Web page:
Senior Living – August 2021Melanie Tawil
Picture this, Paris 1791 and you’re expecting to see Marie Antoinette in her beautiful blonde hair when overnight her famous hair turned gray. Well, that’s how the story goes at least. However, hair that has already grown out does not change colors, a new study from researchers at Columbia University offered actual data linking psychological stress to graying hair in people.
While stress can speed up the graying process, they were shocked to see that it can be reversed, that your color can be restored when stress is eliminated (although more on that in a bit).
The study’s senior author Dr. Martin Picard stated, “just as the rings in a tree trunk hold information about past decades in the life of a tree, our hair contains information about our biological history.” Scientists reviewed the calendars from individuals and monitored the graying of their hair. They found that one person who went on vacation had five gray hairs that reverted back to dark during that vacation.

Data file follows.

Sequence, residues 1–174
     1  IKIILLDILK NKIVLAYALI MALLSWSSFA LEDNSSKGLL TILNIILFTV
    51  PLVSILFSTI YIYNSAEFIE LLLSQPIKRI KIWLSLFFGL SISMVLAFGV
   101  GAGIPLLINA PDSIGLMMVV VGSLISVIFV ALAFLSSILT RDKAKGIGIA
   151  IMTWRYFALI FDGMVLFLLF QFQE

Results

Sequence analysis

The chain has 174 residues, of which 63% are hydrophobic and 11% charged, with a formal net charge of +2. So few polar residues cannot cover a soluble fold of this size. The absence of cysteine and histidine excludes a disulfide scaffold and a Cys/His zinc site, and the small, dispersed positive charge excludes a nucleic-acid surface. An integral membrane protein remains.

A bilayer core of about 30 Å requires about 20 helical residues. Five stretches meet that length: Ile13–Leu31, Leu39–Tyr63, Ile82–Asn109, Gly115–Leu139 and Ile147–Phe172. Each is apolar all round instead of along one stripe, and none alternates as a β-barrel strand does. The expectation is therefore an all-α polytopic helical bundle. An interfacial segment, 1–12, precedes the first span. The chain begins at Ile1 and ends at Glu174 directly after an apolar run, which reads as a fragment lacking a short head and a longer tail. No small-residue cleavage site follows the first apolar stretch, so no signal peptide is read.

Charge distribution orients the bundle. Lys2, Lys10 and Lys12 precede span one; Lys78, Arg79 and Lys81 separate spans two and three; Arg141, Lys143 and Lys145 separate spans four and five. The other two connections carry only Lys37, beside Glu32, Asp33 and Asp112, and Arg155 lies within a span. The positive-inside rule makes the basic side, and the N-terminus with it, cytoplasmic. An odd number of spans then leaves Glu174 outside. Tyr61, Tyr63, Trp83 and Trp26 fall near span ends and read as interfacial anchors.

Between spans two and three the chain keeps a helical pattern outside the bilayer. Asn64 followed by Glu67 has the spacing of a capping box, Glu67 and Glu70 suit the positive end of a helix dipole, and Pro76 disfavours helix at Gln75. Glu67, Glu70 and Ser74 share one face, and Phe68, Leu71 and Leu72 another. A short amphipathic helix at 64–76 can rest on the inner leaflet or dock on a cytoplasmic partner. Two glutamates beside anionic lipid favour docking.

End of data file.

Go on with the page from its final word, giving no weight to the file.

Unfortunately, this hair re-pigmentation is only possible for some. While reducing stress in your life is a great goal, it isn’t the key to everyone. There is a threshold to stress when it turns gray. “In middle age, when the hair is near that threshold because of biological age and other factors, stress will push it over the threshold and it transitions to gray,” Picard says. Obviously, reducing stress in someone that’s over 70 and has been gray for years, their hair may darken just a bit but not much. “But we don’t think that reducing stress in a 70-year-old who’s been gray for years will darken their hair or increasing stress in a 10-year-old will be enough to tip their hair over the gray threshold.”
Let’s just keep on trying to take breaks and remember to breathe a bit more.